The presentations are available for download here: Ted Orosz, Eric Beaton, Tom Marchwinski

 

 

Short Talks, Big Ideas: Recap


Last night’s Short Talks, Big Ideas event showed us how people are using data, how agencies can absorb public input, and how we should be approaching various modes of transport in the future.

Thanks to the numerous attendees, and our fantastic presenters:
Guillaume Charny-Brunet, FaberNovel, 1.6 Billion Rides: A story of NYC subways, big data and YOU!
Jeff Ferzoco, Owner, Jeff Ferzoco Design and Senior Fellow, RPA, Mapping innovation: The line is the journey
Stephanie Camay, Parsons Brinckerhoff, Public involvement in transportation projects
Bob Leonard, EarthGarage, Standardizing sustainable personal vehicles
Adam Zaranko, NYC Economic Development Corporation, East River Ferry Service
Chris Whong, NYU Wagner, Baltimore Circulatorbuddy
Alexis Perrotta, Columbia University Graduate School of Architecture, Planning and Preservation, Can social fares improve NYCT?
Anthony Townsend, NYU Wagner, New Data for Bicycling Research

Check out the event video here and the pics below: http://www.ustream.tv/recorded/31217383

We’ll see you in the Fall with our next iteration of Short Talks, Big Ideas. If you have speaker suggestions for our next Short Talks, Big Ideas event, please get in touch.

Until then, please join us on April 20th for the Rethinking Regulation Design Challenge on April 20th.

April 10th Event Postponed


Due to a number of last-minute scheduling conflicts, the April 10 NYU Rudin Center symposium on “Climate-Proofing Connectivity: The Future of New York’s Links to the Northeast Corridor” will be postponed to a new date later this year. We will update you when a new schedule is confirmed.

Thanks for your interest in this important issue.
Please join us at one of our other two events for next week on BRT and Innovation.

Don’t-Miss Events in April


We have a fantastic set of events slated for April at the NYU Rudin Center:

April 9th (morning): Local Innovations in Bus Rapid Transit: A Panel Discussion – This panel will focus on innovative bus planning in the New York Metro area, and the unique challenges it presents to both policy makers and citizens.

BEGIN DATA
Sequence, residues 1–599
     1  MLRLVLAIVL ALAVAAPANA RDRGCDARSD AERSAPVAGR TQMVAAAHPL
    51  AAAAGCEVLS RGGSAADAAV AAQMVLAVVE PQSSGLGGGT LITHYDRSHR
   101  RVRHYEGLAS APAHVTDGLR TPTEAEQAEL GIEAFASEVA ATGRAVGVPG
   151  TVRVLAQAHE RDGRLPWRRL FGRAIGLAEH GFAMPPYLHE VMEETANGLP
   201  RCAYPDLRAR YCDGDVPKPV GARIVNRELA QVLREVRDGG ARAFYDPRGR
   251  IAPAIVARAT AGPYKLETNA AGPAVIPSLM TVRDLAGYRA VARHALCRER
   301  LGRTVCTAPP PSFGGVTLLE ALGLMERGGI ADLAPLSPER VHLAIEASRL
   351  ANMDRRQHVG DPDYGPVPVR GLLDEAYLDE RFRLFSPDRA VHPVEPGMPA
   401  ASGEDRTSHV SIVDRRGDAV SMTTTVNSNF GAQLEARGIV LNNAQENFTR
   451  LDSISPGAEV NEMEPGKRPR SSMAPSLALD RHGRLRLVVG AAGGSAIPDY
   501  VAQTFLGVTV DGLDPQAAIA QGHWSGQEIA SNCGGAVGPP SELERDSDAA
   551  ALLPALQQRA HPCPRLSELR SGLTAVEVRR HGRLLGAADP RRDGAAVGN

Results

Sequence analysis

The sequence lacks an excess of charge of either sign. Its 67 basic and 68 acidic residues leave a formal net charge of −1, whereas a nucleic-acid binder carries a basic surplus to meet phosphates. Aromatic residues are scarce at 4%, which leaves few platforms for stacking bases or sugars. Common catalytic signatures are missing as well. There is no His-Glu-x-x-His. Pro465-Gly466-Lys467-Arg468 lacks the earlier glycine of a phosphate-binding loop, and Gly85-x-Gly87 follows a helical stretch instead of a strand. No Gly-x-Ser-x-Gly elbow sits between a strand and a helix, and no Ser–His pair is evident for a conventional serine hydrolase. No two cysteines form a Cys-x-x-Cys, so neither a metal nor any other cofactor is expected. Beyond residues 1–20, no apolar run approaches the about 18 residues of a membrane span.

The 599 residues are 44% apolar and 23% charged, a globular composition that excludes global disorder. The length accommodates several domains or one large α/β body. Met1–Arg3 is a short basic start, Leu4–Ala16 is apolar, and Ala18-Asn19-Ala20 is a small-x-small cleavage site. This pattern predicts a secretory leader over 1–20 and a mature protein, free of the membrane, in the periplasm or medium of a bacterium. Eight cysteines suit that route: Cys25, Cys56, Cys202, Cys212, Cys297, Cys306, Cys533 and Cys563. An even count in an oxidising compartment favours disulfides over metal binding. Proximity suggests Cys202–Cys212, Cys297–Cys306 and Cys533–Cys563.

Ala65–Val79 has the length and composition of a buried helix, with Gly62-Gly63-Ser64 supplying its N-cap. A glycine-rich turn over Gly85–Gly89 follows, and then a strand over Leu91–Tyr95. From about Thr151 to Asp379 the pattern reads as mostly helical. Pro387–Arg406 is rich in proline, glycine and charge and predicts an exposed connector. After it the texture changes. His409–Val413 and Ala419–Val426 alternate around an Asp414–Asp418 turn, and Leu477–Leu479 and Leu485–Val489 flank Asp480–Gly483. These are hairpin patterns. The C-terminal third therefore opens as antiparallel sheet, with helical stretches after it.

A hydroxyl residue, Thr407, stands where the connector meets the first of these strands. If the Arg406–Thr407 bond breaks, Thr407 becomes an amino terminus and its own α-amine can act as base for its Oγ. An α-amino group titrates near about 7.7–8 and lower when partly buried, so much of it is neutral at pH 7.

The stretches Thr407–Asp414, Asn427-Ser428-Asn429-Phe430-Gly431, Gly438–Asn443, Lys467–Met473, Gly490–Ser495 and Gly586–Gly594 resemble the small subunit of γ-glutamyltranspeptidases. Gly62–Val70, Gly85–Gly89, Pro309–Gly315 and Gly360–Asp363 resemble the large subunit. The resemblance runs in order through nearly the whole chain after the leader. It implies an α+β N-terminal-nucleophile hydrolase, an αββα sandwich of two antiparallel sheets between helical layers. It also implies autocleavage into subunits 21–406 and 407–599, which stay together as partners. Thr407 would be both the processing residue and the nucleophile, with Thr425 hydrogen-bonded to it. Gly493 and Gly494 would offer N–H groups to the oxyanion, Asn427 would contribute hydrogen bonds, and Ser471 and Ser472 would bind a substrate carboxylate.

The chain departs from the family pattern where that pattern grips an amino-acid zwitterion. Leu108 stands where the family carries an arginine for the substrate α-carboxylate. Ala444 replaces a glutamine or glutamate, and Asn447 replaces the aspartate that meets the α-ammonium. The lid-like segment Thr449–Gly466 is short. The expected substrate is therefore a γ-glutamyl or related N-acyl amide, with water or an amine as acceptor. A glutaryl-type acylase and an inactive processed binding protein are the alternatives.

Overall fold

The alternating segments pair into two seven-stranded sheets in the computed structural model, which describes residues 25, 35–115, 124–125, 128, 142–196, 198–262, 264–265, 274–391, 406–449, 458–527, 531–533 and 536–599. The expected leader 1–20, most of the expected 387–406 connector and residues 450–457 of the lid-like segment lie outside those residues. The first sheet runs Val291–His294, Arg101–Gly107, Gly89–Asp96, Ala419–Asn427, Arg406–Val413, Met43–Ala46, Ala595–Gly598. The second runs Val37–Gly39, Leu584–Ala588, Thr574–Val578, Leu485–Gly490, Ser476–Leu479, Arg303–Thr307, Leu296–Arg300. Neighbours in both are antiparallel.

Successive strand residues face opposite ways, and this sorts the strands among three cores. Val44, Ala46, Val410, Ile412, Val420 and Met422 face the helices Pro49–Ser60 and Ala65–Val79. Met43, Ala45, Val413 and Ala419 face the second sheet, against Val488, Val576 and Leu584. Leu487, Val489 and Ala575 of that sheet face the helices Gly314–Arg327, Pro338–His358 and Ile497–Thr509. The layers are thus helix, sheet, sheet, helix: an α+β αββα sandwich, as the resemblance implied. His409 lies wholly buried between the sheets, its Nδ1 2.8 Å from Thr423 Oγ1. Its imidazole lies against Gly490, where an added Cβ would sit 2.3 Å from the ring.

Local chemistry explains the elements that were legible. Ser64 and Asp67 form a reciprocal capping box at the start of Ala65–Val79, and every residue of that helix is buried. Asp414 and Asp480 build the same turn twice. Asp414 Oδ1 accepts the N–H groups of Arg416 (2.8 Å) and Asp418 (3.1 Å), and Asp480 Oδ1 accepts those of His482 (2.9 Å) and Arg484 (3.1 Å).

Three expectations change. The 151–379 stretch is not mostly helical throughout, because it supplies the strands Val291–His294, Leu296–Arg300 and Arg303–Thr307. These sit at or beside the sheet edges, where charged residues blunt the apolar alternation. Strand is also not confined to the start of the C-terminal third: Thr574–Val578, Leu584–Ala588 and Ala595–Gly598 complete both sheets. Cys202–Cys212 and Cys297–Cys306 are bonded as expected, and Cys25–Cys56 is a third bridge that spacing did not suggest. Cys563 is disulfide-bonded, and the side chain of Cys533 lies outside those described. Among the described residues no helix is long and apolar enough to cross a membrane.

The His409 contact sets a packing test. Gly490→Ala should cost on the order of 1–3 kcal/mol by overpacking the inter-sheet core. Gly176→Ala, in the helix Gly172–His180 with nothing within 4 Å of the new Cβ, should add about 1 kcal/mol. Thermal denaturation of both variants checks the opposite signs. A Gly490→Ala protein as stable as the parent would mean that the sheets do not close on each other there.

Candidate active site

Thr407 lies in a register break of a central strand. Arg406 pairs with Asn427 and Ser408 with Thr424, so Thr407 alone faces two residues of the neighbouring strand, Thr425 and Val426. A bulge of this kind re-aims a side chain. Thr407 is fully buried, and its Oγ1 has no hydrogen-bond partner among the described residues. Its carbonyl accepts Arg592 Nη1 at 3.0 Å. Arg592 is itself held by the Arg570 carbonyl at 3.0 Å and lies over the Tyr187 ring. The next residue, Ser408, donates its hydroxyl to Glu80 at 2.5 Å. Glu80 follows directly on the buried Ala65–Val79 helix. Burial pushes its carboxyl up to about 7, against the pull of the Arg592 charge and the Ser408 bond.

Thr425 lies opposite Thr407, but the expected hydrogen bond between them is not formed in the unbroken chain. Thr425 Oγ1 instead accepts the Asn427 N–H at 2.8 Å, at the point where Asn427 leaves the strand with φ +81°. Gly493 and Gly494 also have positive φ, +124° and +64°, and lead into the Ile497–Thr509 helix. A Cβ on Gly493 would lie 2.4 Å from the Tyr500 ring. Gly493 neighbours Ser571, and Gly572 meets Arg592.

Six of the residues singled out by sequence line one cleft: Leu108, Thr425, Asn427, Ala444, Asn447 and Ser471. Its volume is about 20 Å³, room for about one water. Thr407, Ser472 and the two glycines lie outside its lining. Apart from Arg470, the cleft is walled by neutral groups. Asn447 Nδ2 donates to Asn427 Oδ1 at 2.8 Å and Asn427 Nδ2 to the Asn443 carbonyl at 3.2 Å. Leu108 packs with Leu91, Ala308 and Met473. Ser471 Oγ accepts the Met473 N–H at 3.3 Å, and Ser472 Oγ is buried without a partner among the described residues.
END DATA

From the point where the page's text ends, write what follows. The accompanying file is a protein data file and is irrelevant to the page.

April 9th (evening): Short Talks, Big Ideas: Transportation Innovations – Join the NYU Rudin Center for this high-energy series of short talks about how we’re using, improving and thinking about the future of transportation.

POSTPONED UNTIL FALL April 10th: Climate-Proofing Connectivity: The Future of New York’s Links to the Northeast Corridor – This symposium will convene experts on climate change, next-generation aviation, and high-speed rail planning to explore how New York’s external transportation connections can adapt to climate change in the coming decades to provide secure, resilient and sustainable economic lifelines in the face of an uncertain future.

April 20th: Rethinking Regulation Design ChallengeThis challenge is about bringing stakeholders to the table to develop innovative, realistic, and implementable solutions to help address the problems government regulators face when monitoring illegal apartment conversions in NYC, and non-compliant “Chinatown” motorcoach companies. (with NYU Wagner and OpenPlans)

All events are free and open to the public. Click on the event titles to register. See you in April!